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International Statistics

The statistics on this page are sourced from the Lancet. Click here to read the full article.


Childhood cancer is a global problem that children and their families struggle with in every corner of the earth. Even with optimal treatment and resources, cancer is a devastating diagnosis. In nations where these resources are limited, the statistics are chilling. Recent studies have highlighted the stark disparity in diagnosis, treatment, and care for children with cancer in different parts of the world.

Globally, it is estimated that there will be more than 413,000 cases of childhood cancer in 2020. 
Worldwide, it is estimated that 328,000 children (diagnosed and undiagnosed) die from cancer each year.  Every 1 ½ minutes a child dies from cancer. That makes childhood cancer the leading non-communicable disease killer of children around the world, regardless of where they live.

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Failure to Diagnose
The first step in battling cancer is always a diagnosis. Medical professionals cannot provide treatment for an ailment they don’t know the existence of. Resource-limited regions have staggeringly low diagnosis rates for a variety of reasons. Lack of medical resources, poor awareness about the symptoms and treatment of cancer, and reliance on traditional medicine all play a part. Globally, only 44% of children with cancer are correctly diagnosed.

Refusal or Abandonment of Treatment
There are many reasons why parents in resource-limited regions are more likely to abandon treatment than parents in regions with adequate resources. Sometimes the medical treatment is unaffordable for them, either through the direct financial cost of the treatment or through the indirect costs of restructuring their lives. Giving up on treatment may seem unthinkable, but when the treatment is too expensive to afford, agonizing for the child, and unlikely to even save the child’s life, we can start to understand why so many parents make this painful decision. Abandonment of treatment affects up to 50-60% of children with cancer in some regions.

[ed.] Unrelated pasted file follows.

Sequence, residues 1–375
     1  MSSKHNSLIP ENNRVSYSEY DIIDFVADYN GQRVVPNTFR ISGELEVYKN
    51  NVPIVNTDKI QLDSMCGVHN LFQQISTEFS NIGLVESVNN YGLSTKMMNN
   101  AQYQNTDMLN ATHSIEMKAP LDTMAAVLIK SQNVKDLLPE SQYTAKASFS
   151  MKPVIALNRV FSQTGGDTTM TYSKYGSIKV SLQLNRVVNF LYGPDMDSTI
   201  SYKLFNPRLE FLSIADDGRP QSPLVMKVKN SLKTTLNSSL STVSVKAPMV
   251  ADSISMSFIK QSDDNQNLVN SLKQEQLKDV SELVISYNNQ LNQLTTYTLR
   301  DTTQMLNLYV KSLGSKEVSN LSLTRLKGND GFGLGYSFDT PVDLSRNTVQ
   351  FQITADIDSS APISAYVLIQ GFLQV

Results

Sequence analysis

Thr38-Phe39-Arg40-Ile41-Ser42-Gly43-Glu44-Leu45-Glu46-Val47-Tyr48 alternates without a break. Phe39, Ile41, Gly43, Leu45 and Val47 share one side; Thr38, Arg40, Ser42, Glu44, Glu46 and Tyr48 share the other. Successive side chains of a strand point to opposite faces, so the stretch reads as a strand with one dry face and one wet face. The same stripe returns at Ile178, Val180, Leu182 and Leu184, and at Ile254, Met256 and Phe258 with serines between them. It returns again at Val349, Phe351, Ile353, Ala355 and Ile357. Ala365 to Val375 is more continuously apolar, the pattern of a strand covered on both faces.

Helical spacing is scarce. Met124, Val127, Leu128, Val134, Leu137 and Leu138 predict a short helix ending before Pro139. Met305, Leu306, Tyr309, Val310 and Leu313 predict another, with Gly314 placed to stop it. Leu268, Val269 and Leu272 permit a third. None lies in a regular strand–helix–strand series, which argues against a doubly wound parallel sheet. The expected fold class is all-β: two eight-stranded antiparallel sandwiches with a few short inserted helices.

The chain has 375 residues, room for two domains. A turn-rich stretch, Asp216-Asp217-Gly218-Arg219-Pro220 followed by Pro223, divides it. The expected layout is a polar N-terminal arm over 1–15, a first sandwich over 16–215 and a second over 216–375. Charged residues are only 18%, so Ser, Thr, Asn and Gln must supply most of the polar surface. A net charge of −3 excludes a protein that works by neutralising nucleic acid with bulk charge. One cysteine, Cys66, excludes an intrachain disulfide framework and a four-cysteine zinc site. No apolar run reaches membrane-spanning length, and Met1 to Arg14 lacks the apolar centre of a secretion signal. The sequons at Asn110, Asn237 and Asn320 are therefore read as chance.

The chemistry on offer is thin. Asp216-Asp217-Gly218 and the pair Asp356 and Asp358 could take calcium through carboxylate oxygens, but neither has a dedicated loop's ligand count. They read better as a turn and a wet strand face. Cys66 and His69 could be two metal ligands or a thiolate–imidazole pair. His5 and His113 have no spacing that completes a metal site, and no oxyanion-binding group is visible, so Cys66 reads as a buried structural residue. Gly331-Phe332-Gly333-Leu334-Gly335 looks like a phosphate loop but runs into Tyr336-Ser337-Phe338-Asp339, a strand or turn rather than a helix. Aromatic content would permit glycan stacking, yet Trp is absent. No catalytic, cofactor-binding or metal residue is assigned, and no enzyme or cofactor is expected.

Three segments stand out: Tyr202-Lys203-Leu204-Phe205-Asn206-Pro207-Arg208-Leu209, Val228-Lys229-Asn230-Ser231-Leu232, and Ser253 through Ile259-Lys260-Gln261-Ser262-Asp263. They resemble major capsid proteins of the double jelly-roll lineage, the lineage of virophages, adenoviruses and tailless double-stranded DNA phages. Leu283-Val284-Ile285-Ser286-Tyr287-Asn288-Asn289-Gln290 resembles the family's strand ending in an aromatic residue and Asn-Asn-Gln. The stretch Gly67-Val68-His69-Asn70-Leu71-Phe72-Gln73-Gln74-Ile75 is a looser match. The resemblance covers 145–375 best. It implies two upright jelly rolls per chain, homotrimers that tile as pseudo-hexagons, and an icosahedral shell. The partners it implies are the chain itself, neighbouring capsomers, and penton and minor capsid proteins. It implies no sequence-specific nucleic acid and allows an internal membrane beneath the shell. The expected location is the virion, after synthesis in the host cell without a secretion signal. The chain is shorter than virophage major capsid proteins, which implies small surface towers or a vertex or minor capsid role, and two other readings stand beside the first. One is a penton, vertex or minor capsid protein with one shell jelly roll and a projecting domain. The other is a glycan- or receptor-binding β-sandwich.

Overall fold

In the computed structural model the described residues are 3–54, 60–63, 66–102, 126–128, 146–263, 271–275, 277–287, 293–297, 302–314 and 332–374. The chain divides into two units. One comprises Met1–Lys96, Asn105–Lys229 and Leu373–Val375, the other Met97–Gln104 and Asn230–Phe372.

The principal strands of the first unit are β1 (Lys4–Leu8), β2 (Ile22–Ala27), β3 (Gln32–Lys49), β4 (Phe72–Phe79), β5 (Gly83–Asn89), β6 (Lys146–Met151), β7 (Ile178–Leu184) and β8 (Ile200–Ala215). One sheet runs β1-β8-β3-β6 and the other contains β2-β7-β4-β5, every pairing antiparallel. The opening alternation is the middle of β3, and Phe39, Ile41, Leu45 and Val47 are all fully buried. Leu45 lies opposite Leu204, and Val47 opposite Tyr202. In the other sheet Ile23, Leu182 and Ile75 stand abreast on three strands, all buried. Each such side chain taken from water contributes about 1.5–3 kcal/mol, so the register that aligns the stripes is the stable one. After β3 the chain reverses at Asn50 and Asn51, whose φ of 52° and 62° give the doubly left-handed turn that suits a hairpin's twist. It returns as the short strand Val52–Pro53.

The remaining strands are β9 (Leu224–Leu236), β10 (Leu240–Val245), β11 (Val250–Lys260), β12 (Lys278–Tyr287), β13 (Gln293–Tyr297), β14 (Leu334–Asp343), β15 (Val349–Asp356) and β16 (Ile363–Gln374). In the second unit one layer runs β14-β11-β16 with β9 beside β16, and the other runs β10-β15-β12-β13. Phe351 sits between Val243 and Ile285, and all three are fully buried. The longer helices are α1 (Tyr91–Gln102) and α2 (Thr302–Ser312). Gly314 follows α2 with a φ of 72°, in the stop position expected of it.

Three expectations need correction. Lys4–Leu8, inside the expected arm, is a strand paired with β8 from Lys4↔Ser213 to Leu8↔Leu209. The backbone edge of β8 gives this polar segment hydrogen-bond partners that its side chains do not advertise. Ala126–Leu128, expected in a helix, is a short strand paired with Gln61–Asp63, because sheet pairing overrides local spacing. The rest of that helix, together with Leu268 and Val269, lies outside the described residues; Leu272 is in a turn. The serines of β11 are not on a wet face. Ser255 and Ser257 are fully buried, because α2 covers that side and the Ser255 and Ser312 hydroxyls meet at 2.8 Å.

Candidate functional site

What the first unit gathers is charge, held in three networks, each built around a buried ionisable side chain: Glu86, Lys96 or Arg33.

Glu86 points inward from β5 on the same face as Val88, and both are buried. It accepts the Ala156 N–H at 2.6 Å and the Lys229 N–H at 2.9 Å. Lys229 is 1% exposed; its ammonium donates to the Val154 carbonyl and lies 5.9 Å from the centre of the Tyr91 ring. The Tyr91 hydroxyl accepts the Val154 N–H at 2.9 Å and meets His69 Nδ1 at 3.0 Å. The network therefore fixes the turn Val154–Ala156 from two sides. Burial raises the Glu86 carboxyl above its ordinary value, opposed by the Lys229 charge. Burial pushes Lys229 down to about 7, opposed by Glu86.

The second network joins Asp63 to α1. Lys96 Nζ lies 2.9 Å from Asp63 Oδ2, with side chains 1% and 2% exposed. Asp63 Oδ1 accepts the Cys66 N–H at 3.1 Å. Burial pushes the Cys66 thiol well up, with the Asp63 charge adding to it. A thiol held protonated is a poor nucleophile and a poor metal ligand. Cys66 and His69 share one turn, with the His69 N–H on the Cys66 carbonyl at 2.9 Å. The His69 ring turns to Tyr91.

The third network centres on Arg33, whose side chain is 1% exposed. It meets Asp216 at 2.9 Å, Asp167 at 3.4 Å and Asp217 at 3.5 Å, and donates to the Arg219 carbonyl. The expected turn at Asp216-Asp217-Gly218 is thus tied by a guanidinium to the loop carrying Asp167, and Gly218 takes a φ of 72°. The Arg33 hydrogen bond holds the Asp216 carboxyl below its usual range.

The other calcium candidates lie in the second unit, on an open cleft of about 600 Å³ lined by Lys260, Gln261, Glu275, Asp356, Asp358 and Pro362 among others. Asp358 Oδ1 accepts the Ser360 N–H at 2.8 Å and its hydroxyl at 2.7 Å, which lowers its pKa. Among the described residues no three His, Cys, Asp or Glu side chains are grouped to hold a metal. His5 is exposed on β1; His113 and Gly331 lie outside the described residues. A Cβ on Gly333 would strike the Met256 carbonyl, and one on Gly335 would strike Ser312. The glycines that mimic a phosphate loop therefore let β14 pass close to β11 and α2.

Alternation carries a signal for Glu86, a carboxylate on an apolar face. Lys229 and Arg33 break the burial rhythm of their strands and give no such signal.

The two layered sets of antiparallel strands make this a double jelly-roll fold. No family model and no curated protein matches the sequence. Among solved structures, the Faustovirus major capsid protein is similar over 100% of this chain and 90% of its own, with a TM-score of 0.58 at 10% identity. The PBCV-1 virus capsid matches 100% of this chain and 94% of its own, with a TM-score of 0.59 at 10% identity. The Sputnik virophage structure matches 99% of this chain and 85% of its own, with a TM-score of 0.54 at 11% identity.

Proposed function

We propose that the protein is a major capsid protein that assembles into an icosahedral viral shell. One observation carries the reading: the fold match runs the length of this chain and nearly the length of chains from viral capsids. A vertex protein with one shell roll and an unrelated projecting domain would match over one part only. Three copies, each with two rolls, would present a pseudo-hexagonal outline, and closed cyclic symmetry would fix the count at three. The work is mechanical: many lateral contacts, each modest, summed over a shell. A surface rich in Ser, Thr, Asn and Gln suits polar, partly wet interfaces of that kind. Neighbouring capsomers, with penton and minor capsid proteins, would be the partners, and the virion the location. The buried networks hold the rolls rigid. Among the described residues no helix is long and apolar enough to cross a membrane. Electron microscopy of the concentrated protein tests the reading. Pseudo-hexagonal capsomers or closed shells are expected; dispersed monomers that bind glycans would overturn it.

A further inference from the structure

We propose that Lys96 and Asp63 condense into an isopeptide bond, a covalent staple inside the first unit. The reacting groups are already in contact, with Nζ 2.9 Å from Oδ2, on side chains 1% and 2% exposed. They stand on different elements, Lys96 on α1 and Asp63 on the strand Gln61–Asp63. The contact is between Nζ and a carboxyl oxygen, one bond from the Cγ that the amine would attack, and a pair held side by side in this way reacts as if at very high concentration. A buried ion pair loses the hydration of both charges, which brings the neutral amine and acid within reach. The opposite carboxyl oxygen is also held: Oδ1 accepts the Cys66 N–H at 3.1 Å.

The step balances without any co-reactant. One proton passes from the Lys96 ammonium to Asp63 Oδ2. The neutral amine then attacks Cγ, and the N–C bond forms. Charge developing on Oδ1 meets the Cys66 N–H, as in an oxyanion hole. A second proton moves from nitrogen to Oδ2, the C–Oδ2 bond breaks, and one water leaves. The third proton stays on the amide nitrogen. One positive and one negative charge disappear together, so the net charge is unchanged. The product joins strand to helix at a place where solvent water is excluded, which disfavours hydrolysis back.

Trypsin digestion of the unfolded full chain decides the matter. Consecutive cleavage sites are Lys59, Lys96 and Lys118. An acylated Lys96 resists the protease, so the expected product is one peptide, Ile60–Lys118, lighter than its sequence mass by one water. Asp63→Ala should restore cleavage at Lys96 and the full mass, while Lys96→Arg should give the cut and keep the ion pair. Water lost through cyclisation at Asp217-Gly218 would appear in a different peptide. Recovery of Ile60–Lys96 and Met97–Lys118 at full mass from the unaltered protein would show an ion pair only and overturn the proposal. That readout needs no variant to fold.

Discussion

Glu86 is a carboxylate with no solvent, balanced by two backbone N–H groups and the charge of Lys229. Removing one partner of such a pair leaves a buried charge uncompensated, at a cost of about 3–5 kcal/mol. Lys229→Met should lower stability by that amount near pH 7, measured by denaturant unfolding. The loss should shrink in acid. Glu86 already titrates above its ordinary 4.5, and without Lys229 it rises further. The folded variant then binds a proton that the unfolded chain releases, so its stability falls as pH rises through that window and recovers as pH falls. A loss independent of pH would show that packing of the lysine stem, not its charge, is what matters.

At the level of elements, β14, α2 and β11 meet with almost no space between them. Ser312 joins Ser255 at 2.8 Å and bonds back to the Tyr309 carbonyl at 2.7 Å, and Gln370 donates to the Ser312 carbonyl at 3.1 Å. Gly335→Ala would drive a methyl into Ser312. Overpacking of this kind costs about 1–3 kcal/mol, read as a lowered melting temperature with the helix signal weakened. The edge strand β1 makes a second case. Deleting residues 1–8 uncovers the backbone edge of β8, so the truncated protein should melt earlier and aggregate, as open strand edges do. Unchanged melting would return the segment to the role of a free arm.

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Both cancer itself and the treatments for cancer are demanding on the human body, especially when that body is young and small. Because of this, survival rates drop dramatically when children are already weakened by malnutrition. The prevalence of malnutrition can reach 50-70% in some regions.

Lack of Palliative and Survivorship Care
Most medical facilities in resource-limited regions cannot provide adequate pain relief to their patients. This means that children are receiving intense and invasive treatments with absolutely nothing to dull the pain. In some regions, pain management is available in less than 50% of pediatric oncology units. Necessary pain-relieving medications are available in less than 15% of Lower-Middle Income Countries (LMIC).

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Lack of Safe Medical Care
Medical services in resource-limited regions can’t always promise an adequate standard of safety. Death from infection is much higher in resource-limited regions. Blood products and transfusions are a standard element of many medical procedures, but only 13% of Lower-Middle Income Countries (LMIC) have a national hemovigilance system to ensure the safety of blood transfusions. In areas with high rates of blood-borne diseases, this is highly dangerous.

What is ACCO doing to help?

ACCO supports a variety of initiatives to change the numbers. Click here to visit our international advocacy page and see what we do. When you donate to ACCO, your donation can help children across the globe.

The statistics on this page are sourced from the Lancet. Click here to read the full article.